Back from another extended break from blogging. Where have I been? What have I been up to? Well, I’ve been thinking, walking – the two aren’t mutually exclusive, are they? – reading and taking a much closer interest in politics than I have in many years. You’ll notice that writing is conspicuous by its absence.
Don’t worry, I’m not going to offload my politics here, but I will let you know what I’ve been reading of late. Francis Wheen’s excellent ‘How Mumbo Jumbo Conquered the World’, followed closely by Helen MacDonald’s beautifully written, and thoroughly deserved Costa prize winner, ‘H is for Hawk’.
So you see, my thinking time has largely centred around the wider world and its workings, but it’s also been sharply focused on the landscape, and specifically my immediate landscape. I’ve found myself drawn closer and closer to it, experimenting with a simple iPhone camera and free editing and effects apps, in an attempt to record my impressions. More than that, my feelings, my love affair with the terrain and how it holds and releases the seasons, absorbs and resists the weather, tolerates the footfall of man and beast.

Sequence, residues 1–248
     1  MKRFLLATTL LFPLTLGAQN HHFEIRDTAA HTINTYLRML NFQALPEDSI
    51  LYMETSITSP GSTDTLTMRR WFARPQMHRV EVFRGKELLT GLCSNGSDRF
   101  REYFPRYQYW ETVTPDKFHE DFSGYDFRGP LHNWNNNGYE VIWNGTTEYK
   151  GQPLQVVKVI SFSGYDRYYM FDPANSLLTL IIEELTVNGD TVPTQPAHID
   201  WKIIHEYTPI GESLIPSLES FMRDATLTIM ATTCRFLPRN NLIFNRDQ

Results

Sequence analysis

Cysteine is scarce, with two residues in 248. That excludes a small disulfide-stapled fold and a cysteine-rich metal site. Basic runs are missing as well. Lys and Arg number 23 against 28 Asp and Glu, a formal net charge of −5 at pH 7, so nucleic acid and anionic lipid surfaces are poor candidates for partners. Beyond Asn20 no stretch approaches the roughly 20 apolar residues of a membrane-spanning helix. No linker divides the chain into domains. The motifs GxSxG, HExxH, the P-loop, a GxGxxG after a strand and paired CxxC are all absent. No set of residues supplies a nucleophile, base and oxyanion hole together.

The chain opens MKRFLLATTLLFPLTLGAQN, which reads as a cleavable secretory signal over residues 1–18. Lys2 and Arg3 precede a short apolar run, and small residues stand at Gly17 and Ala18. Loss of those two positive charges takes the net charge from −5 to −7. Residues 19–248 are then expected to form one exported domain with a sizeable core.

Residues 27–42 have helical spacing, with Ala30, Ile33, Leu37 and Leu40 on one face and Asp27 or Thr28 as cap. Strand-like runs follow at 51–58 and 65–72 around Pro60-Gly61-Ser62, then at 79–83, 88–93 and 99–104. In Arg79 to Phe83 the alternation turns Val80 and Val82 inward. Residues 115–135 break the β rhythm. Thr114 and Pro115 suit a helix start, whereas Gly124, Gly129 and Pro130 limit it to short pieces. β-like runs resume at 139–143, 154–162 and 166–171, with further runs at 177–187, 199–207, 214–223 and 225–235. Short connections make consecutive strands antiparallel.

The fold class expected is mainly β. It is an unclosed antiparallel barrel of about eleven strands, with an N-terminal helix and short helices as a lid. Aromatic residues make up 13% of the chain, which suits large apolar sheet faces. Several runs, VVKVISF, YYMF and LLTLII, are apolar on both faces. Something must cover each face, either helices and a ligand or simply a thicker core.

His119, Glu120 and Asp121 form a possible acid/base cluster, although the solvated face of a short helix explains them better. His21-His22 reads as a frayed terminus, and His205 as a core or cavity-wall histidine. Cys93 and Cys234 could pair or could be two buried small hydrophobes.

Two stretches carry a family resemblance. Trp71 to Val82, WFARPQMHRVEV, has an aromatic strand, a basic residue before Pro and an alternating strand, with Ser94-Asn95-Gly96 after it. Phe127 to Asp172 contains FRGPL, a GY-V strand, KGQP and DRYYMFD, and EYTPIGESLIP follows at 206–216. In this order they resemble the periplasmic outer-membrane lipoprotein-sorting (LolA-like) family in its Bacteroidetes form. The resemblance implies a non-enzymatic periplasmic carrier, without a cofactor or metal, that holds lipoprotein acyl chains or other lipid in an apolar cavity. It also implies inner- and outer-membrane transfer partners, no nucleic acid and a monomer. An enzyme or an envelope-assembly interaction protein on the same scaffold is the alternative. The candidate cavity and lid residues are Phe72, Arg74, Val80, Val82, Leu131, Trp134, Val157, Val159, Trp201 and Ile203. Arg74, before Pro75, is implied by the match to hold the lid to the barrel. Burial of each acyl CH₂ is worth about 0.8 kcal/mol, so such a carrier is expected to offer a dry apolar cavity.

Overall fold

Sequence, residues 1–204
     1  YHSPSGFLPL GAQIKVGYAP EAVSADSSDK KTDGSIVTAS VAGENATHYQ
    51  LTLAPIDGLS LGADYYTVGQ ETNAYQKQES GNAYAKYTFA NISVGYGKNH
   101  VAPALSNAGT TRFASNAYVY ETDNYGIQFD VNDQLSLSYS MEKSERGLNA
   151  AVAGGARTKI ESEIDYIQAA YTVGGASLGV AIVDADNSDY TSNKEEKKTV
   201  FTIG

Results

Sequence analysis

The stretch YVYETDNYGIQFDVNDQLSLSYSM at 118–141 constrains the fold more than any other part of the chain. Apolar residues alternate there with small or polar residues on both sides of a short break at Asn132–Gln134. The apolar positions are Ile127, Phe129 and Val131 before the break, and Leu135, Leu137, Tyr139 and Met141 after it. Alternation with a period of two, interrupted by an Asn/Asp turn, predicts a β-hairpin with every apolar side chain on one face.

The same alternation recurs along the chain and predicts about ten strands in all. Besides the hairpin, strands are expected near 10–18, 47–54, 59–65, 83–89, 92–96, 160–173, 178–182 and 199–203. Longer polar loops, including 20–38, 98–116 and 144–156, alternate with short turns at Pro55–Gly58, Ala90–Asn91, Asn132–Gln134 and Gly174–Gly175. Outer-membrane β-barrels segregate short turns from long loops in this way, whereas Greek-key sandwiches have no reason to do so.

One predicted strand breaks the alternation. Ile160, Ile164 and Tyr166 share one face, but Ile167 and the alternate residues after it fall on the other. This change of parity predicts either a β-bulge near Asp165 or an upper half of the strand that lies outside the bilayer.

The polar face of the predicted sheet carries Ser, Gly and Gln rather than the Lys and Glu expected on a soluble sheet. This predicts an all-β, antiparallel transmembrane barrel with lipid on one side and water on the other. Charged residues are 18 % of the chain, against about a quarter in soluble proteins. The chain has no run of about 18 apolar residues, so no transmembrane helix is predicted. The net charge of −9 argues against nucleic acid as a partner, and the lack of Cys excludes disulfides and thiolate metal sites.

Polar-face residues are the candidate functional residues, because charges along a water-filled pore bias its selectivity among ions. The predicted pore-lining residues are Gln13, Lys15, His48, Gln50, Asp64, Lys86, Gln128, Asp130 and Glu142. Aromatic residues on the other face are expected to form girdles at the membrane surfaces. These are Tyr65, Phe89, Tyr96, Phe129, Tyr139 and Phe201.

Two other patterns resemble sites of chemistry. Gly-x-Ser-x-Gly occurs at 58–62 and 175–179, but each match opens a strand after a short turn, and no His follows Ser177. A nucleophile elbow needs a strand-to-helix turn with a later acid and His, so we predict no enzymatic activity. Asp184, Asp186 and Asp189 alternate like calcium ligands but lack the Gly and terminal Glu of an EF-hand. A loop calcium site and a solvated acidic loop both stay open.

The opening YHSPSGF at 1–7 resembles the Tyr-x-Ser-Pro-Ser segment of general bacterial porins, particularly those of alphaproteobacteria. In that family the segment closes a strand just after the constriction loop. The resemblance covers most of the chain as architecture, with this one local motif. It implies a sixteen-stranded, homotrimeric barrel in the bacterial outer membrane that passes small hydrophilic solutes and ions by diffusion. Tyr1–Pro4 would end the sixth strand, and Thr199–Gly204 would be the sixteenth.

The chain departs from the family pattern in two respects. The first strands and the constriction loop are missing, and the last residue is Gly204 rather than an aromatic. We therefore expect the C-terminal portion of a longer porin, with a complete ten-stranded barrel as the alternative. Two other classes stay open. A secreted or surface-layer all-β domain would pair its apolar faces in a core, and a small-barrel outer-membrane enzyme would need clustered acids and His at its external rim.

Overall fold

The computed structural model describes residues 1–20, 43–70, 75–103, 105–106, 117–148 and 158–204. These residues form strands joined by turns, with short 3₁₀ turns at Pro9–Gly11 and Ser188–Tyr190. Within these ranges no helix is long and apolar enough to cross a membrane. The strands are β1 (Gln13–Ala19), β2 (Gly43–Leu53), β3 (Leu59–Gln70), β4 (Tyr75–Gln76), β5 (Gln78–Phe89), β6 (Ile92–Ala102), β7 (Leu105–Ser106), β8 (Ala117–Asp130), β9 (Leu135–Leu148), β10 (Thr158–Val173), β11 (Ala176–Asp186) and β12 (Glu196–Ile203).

Words are often inadequate when describing what I see. On the drive home, last Sunday, from where the road is elevated before the descent towards our village, a block of slate cloud was hanging in the western sky. Its lower edge was fusing and sparkling like a freshly lit touchpaper. That’s how I’ll remember it, but I suspect the phenomenon has been distilled into a single word. If that’s so, I feel a need to know what it is. Perhaps it’ll appear in the new Robert MacFarlane book that I’ve ordered. Landmarks promises to be a treasure.
Mags and I have also celebrated our 41st anniversary, this week. We treated ourselves to this wonderful piece of work by local artist, Deb Boultwood. Appropriately, it’s entitled ‘Black Winter Crows’. I wrote a short verse, some weeks back. It seems to sit nicely with the artwork.
And when at last, the cloud gives way,
the rooks tilt feathers, black as night,
to mark the sleeping stars of day,
the reservoirs of long dead light.